Start typing to search
Share Post:

The One-Year, Alternative Graduate School Program

What if learning wasn’t confined to a rigid program in a university? What if you could begin learning now, without going back to school?

The One-Year, Alternative Graduate School Program was one of the more popular parts of the original AONC book, in the same chapter where I compared the value of my graduate school degree to my career as an independent writer. I’ve since heard from a number of “students” of all ages who implemented this practice in a variety of forms.

The point isn’t to disparage traditional education, but to provide an alternative for different kinds of learning. You never have to put off learning, and higher education isn’t the only option.


The One-Year, Self-Directed, Alternative Graduate School Experience

  • Subscribe to the Economist and read every issue religiously. Cost: $97 + 60 minutes each week.
  • Memorize the names of every country, world capital, and current president or prime minister in the world. Cost: $0 + 3-4 hours once.
  • Buy a Round-the-World plane ticket or use Frequent Flyer Miles to travel to several major world regions, including somewhere in Africa and somewhere in Asia. Cost: variable, but plan on $4,000.
  • Read the basic texts of the major world religions: the Torah, the New Testament, the Koran, and the teachings of Buddha. Visit a church, a mosque, a synagogue, and a temple. Cost: Materials can be obtained free online or in the mail—or for less than $50 + 20 hours.
  • Subscribe to a language-learning podcast and listen to each 20-minute episode five times a week for the entire year. Attend a local language club once a week to practice. Cost: $0 + 87 hours.
  • Loan money to an entrepreneur through and arrange to visit him or her while you’re abroad. Cost: Likely $0 in the end, since 98% of loans are repaid.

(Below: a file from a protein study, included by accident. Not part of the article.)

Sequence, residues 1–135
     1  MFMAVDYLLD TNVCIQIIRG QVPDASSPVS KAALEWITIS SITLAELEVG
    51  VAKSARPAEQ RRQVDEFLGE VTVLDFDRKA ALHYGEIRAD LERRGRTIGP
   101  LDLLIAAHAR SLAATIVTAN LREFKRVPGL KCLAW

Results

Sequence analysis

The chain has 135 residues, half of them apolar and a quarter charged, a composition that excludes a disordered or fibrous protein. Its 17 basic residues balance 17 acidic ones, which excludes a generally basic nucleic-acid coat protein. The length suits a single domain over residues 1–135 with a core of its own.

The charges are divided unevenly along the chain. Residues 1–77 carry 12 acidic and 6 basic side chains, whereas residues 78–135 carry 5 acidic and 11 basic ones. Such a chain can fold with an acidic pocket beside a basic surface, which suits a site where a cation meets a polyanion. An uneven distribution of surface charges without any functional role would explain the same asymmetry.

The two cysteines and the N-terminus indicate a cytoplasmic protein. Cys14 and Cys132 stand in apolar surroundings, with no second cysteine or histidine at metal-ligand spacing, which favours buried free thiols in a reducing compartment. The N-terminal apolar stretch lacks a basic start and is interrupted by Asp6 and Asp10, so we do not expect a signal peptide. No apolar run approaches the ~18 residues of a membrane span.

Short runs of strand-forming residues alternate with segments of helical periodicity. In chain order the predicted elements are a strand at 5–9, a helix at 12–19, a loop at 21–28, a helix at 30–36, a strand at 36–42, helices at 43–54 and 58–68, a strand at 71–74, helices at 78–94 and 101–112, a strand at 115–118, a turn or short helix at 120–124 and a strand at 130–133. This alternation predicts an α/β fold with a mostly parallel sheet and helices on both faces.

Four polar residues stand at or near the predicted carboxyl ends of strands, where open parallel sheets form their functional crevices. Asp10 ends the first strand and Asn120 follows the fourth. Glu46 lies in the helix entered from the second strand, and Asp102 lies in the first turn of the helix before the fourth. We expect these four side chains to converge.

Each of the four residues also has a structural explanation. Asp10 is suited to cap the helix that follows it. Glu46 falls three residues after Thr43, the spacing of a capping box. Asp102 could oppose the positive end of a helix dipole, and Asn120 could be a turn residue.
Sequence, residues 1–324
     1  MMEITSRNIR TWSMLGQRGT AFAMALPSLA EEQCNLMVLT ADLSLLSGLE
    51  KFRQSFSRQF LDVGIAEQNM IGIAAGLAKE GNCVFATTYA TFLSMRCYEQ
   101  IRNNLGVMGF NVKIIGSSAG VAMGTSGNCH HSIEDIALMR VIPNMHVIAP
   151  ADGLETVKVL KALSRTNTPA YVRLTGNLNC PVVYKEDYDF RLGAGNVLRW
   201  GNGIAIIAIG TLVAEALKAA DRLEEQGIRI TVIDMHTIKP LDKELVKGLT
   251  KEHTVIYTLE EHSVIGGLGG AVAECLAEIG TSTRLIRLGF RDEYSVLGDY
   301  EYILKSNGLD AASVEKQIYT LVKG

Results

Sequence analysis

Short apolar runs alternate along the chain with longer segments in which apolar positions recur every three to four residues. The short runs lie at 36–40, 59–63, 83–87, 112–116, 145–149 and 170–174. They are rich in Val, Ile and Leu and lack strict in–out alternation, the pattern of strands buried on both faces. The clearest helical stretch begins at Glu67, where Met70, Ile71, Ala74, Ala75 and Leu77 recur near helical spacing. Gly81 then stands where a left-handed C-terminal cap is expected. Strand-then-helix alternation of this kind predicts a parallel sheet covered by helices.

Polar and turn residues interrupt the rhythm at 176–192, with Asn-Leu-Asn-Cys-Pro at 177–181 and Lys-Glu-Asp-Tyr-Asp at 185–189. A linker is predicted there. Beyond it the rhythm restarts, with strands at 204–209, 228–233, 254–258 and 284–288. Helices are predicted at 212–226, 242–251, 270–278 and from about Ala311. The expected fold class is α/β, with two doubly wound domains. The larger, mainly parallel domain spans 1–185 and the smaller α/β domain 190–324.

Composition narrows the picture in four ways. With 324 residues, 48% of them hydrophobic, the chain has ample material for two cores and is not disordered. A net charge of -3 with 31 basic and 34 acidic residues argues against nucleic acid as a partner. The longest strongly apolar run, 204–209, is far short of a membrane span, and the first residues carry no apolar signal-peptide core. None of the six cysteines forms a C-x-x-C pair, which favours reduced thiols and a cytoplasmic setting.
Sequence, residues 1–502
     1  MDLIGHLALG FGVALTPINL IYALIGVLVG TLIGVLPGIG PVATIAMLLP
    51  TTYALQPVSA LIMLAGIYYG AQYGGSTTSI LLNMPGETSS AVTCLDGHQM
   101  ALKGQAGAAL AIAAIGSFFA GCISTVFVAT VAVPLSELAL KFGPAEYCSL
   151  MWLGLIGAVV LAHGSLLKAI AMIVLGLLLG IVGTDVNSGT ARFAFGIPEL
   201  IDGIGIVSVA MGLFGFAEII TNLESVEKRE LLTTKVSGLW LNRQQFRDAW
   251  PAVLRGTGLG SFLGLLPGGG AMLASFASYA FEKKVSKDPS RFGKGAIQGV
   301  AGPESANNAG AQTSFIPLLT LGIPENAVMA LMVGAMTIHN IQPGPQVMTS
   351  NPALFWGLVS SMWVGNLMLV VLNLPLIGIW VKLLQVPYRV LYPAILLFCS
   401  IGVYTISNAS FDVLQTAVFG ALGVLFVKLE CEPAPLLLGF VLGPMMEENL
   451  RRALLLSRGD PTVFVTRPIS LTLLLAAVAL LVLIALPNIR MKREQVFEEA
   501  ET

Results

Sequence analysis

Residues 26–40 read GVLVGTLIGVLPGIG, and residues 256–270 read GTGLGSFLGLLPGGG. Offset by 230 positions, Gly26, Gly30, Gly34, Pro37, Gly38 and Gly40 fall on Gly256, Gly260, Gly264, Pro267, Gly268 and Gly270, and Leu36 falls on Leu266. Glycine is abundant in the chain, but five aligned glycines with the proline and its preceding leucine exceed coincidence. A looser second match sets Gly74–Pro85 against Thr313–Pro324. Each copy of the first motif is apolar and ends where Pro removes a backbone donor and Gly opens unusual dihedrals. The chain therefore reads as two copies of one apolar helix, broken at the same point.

• Acquire at least three new skills during your year. Suggestions: photography, skydiving, computer programming, martial arts. The key is not to become an expert in any of them, but to become functionally proficient. Cost: Variable, but each skill is probably less than three credits of tuition would cost at a university.
  • Read at least 30 non-fiction books and 20 classic novels. Cost: approximately $750 (can be reduced or eliminated by using the library).
  • Join a gym or health club to keep fit during your rigorous independent studies. (Most universities include access to their fitness centers with the purchase of $32,000 in tuition, so you’ll need to pay for this on your own otherwise.) Cost: $25-75 a month.
  • Become comfortable with basic presentation and public speaking skills. Join your local Toastmasters club to get constructive, structured help that is beginner-friendly. Cost: $25 + 2 hours a week for 10 weeks.
  • Start a blog, create a basic posting schedule, and stick with it for the entire year. You can get a free blog at One tip: don’t try to write every day. Set a weekly or bi-weekly schedule for a while, and if you’re still enjoying it after three months, pick up the pace. Cost: $0.
  • Set your home page to . Over the next year, every time you open your browser, you’ll see a different, random Wikipedia page. Read it. Cost: $0.
  • Learn to write by listening to the Grammar Girl podcast and buying Bird by Bird by Anne Lamott. Cost: $0 for Grammar Girl, $14 for Anne Lamott.
  • Instead of reading the entire Encyclopedia Britannica, read The Know It All by A.J. Jacobs, a good summary. Cost: $15.

TOTAL COST: $10,000 or less

*The total cost of the self-directed, alternative graduate school program does not include housing or food, but neither does the tuition for traditional school programs in the U.S. and Canada. Freedom and independence, however, are included at no extra charge.


By following the alternative graduate school program, you’ll gain the rough equivalent of what tens of thousands of other students regularly spend tens of thousands of dollars on. In return, you’ll have gained approximately the same amount of knowledge (if not more) you’d receive in a general social science or humanities program.

Naturally, if your field of interest varies, the program can be suitably modified. If you love literature, read one-hundred books instead of fifty. If you’re interested in computer programming, learn more than just how to blog.

Now that universities are listing course materials online, in some cases you can even go through the same courses that paying students do. Download the syllabi for the courses you’re interested in and listen to podcasts by professors.


Excerpted from The Art of Non-Conformity, available on or your local bookseller.

Image: Roig